One investment trap is having extreme faith in historical statistical norms. This week's numbers basket has the following negative indicators:
- McDonald's (NYSE:MCD) was the only stock to be up in the Dow Jones Industrial Average.
- There were 38% more Puts purchased than Calls.
- The Delta Market Sentiment Indicator is bearish, recommending 100% cash.
- The American Association of Individual Investors is only 25% bullish and 40% bearish.
- The Barron's Confidence Index favors best quality bonds over intermediate quality, a bearish signal for stocks.
- Only 22 of the 72 weekly price indicators rose in the week.
- Stock prices are breaking down from triple top formations, a reversal signal.
- Of the 25 best performing mutual funds, only 5 are invested in developed markets, 10 in emerging markets, 5 in India, 4 in Latin America, and 1 in China. Of the 10 poorest performing funds, 4 are invested in Natural Resources and 3 are invested in alternatives.
- Money Market Funds, particularly institutional funds, and other short-term funds were big beneficiaries of flows.
Not because I am a contrarian, but I learned at the racetrack that heavily-backed horses win only about one-third of the time and pay very little in exchange for their exposure to "racing luck." Something market analysts refer to as "surprises." With pundits generally being very responsive to the echo chamber, it is likely that there will be an increasing volume of bearish proclamations, with some of these politically motivated. They will all see a recession ahead.
They will undoubtedly be correct; there is a recession ahead. I have close to 100% confidence with that statement. Why? Because since recorded time, there have been recessions, even before governments and central banks thought that they controlled rather than influenced markets. I have much more faith in the rules that govern all human and other animal behavior. Greed and Fear are two motivators embedded on the same coin. Greed is essentially the desire to acquire enough assets and/or power that one can escape the fear of insufficiency.
Recessions Are Needed
Almost every expansion, if it continues, will lead to an excess of supply and speculative behavior. When these excesses become too great, they are brutally eliminated. The emotional rule is that if my neighbor is out of work, it is a recession, but when I am out of work, it is a depression. (To the best of my knowledge the term depression was first used in the US in the 1930s. It is a term from psychology that describes how people feel rather than an economic condition.)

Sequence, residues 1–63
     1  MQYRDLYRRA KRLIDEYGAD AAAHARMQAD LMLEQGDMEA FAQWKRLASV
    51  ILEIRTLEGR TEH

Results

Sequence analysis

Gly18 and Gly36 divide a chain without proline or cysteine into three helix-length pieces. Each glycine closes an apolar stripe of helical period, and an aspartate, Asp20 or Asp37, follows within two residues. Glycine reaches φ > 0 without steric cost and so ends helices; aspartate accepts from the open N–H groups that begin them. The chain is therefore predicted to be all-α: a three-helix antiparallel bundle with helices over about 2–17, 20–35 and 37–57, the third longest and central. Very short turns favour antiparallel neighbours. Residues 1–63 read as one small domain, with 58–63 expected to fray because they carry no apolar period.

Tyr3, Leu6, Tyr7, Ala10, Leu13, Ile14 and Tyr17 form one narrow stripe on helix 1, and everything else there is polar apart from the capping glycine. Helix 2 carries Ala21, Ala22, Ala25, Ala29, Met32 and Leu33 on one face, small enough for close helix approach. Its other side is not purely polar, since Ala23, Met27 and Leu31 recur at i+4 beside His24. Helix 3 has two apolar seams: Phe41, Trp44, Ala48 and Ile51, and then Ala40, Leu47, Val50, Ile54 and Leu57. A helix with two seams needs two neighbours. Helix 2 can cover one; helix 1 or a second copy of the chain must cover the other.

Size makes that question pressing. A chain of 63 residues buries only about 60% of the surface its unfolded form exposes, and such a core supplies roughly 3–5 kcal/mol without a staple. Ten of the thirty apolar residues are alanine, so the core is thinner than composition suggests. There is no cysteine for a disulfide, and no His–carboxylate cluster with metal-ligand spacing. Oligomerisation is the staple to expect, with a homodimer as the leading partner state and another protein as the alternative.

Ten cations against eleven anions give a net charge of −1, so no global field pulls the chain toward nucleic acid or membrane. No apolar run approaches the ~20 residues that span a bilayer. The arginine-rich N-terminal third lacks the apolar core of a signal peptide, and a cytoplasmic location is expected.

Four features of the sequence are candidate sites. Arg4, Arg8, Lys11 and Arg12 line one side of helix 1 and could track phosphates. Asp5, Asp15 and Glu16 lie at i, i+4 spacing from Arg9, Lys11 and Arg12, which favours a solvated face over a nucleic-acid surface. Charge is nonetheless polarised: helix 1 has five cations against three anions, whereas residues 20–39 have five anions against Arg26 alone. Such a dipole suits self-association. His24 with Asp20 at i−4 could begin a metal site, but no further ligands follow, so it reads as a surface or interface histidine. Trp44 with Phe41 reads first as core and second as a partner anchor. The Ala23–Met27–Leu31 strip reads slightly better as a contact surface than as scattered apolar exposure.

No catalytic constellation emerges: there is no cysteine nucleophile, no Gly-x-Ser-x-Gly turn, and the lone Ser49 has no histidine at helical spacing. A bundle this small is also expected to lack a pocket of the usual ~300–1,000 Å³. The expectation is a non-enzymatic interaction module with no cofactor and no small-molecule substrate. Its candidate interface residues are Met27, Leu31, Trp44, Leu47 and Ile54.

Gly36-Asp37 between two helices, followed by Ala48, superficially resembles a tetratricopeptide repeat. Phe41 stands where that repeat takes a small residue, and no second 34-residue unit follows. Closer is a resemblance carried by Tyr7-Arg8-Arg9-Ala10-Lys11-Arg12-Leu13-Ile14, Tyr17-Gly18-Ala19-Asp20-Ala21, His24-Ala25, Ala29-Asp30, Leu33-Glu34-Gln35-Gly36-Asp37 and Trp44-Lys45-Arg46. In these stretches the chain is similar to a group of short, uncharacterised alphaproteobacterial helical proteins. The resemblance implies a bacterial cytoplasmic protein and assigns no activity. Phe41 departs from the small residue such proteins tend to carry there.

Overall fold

Are Excesses Big Enough For A Major Recession?
One of the lessons of history is that the many changes in fundamental condition are not generally identified before there is a decline. Today, one must look hard to find the growing imbalances that could set off a chain reaction that would bring down the economy. I don't currently see the growth of imbalances sufficient to set off the reaction. However, the so-called immediate cause for the beginning of World War I was the assassination of the Austrian Archduke by a crazed person. Even then, it took another six months before hostilities started.
As a prudent investment manager and investor, I am always scanning for future problems that could grow large enough to start a major recession, or even a depression. There is one element that could lead to a smaller reaction. Much like the prime mortgage crisis, it has been identified by a minority of watchers, including some at the Federal Reserve. The element of concern is the growth of credit extensions by non-bank financial institutions, which have provided loans with light loan covenants. If that area blew up unexpectedly, it might conceivably take 5% or less off our GDP, or one-year's growth.
Others in my cast of possible but unlikely horrors are medical, weather, or technological tragedies that we have not seen before. In this scenario, actuaries have no data to guide them. I could see such an event taking a low double-digit hit to global prosperity. Possible yes, but the odds are very small.
What to Do?
Because others are worried, I am less so. I view any sort of major market drop as an opportunity to find new leadership at fair prices. In the past, I have missed some of these opportunities because I was waiting for truly bargain prices. I was not sufficiently aware of Charlie Munger's fair price doctrine. There is always the risk of being too smart and outsmarting oneself. Thus, I am generally maintaining my equity positions. I will be willing to sell some of my positions in order to buy what I believe to be the new leaders when there is a double-digit breakdown.
Question of the week:
What is your intended strategy when it becomes clear to you that we are in a market-breaking recession?
Editor's Note: The summary bullets for this article were chosen by Seeking Alpha editors.